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Lin, Kingston tied in the lead at Myanmar Open 2003

Travel News Asia 27 February 2003

South Africa's James Kingston and Chinese Taipei's Lin Keng-chi shot 5-under par 67s to share a narrow lead over a small group of players trailing them by only two shots in the opening round of the Asian PGA's Myanmar Open.

Local hero Aung Win and Asian PGA Tour newcomer Mukesh Kumar followed one stroke behind Kingston and Lin on the tough Yangon Golf Club course with 4-under par 68s.

Several other players followed by another stroke to tie for third with 3-under par 69s, including last year's Myanmar Open winner, Thongchai Jaidee from Thailand, American Aaron Meeks, Canada's Rick Gibson, Chung Joon of  Korea and Harmeet Kahlon of India.

Kingston, who won this event in 2000 with a still-standing tournament course record of 19-under, clearly enjoyed his return to the Yangon course. He started in the cool of the early morning and finished off hot on the back  nine where he netted four of his six birdies for the round.

"I won here two years ago and it is a good chance for me this year." said Kingston, at 37 one of the more experienced players in the field. "It is not easy to say 'winning' at this moment as there are three rounds to go."

Lin, now regular player on the Japanese tour, made a late afternoon run at Kingston's lead, finishing off strongly with five birdies on his final nine holes. Only a missed six-foot birdie putt on the 16th hole, prevented him from topping the leader board.

"I am feeling pretty relaxed here, playing with old friends from the Asian PGA Tour," said Lin, who rates his own fitness highly as he prepares for the Dynasty Cup in two weeks' time. 

Kingston and Lin face a challenge holding off a strong field which includes six of the Asian PGA's top ten ranked players and a host of Myanmar players. Other local favorites Zaw Moe and Kyi Hla Han had a slower start than their younger countryman, Aung Win, with the veterans finishing at one over and two over par, respectively.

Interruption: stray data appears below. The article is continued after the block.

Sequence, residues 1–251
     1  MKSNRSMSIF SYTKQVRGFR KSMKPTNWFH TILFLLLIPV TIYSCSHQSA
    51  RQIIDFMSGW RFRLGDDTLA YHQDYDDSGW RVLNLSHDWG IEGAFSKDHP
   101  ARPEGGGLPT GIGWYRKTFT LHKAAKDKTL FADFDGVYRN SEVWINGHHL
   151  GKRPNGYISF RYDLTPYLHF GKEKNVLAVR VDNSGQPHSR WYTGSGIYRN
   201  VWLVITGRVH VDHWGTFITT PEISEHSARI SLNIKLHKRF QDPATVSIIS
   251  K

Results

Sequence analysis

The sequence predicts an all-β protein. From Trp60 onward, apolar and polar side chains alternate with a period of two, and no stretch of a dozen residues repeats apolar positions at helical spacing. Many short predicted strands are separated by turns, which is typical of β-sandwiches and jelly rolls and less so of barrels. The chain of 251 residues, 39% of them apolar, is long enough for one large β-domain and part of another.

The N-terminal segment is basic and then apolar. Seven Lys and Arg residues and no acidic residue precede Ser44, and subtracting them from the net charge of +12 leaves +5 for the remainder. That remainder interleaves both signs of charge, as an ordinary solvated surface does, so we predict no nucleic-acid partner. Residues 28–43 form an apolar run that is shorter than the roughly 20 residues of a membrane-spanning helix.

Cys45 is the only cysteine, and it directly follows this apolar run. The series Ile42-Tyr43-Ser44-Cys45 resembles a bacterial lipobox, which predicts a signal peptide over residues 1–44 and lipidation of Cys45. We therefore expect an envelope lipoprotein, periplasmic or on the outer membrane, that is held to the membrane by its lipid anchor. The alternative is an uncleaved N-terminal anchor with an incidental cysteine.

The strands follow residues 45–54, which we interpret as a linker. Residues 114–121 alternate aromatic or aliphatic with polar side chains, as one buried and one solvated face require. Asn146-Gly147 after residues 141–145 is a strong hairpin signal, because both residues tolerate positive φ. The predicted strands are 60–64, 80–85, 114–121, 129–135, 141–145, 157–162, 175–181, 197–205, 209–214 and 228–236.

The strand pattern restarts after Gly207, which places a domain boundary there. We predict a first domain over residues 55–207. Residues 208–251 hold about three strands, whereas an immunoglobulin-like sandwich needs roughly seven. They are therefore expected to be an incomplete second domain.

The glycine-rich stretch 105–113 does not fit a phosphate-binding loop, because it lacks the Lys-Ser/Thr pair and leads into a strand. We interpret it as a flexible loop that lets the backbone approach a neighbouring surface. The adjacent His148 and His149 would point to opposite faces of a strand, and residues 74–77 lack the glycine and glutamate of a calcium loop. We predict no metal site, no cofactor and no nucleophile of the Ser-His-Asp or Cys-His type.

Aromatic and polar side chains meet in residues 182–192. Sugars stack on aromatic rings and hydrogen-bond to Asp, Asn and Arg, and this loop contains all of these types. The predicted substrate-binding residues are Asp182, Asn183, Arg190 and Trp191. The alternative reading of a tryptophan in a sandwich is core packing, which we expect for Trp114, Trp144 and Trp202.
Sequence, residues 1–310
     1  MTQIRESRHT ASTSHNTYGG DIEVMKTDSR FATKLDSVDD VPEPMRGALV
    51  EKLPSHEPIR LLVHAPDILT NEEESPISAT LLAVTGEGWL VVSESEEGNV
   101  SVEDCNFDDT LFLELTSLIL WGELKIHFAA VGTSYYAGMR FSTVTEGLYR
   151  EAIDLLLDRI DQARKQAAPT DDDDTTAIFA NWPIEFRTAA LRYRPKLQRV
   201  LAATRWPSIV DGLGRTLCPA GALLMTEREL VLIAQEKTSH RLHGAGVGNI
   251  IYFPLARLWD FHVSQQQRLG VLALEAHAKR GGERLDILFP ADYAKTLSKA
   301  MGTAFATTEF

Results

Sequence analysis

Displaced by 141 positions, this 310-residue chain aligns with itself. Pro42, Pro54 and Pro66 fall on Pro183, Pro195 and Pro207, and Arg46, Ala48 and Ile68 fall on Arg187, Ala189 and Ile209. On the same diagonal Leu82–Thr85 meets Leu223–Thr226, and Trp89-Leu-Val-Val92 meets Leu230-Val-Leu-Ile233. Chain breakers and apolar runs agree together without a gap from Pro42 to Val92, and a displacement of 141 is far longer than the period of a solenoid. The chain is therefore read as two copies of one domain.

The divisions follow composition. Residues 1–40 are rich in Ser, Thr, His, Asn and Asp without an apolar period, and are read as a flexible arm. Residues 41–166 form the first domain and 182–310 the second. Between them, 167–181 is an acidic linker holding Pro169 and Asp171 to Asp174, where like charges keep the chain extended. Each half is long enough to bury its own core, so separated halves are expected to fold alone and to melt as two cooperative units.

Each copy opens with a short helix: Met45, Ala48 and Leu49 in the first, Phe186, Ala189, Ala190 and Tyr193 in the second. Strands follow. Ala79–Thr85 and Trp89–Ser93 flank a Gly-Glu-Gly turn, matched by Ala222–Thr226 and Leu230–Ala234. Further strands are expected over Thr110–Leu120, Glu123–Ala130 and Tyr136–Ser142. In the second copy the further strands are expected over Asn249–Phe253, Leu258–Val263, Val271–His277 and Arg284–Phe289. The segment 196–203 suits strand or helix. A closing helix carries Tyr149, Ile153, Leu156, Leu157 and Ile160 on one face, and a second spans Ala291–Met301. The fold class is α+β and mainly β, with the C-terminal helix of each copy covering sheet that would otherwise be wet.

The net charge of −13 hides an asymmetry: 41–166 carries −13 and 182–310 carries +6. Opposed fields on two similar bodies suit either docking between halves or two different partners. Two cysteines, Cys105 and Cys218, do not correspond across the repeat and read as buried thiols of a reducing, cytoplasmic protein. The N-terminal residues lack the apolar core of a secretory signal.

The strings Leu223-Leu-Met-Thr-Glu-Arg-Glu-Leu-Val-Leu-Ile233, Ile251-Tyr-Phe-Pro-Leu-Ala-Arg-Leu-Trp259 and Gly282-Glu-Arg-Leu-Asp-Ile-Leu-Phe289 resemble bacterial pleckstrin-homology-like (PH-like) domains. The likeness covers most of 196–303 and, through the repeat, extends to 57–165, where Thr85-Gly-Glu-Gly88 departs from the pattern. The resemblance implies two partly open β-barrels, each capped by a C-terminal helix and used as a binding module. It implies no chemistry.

Kumar, a regular winner on the Indian Tour and a 4-time representative for his country in the World Cup, is confident he can continue to score well in  Yangon. His 68 capitalized on long drives, a consistent pitching game and a few shots which turned potential disaster into scoring opportunities.

On the par 5, 17th hole, a long dog-leg left, he followed up a solid drive with two bunker shots. Yet Kumar managed to get down with one putt for the birdie.

"This is my first tournament on the Asian PGA Tour," said Kumar, a winner of 10 out of 21 tournaments in India during 2002 and 2003. "My friends said I can play well and so do I."

The hot, dry weather on Thursday was familiar to the Asian PGA tour's Indian players, who encounter similar conditions on their home courses.

Well-struck drives gain a lot of extra distance on the sun-baked fairways on the Yangon Golf Club circuit, one of Asia's oldest courses. But that same bounce can wreak havoc with errant shots, bringing the course's many  stately teak trees and mirror-like lakes into play.

Thongchai Jaidee, who is defending his 2002 Myanmar Open title, echoed the sentiments of several players who found the course a stiff challenge, but he managed to tame his drives to stay within two shots of the leader, Kingston.

"The course condition is good, but I have to be very careful to drive well," said Jaidee. "If the ball flies right or left off the fairway, it's finished."

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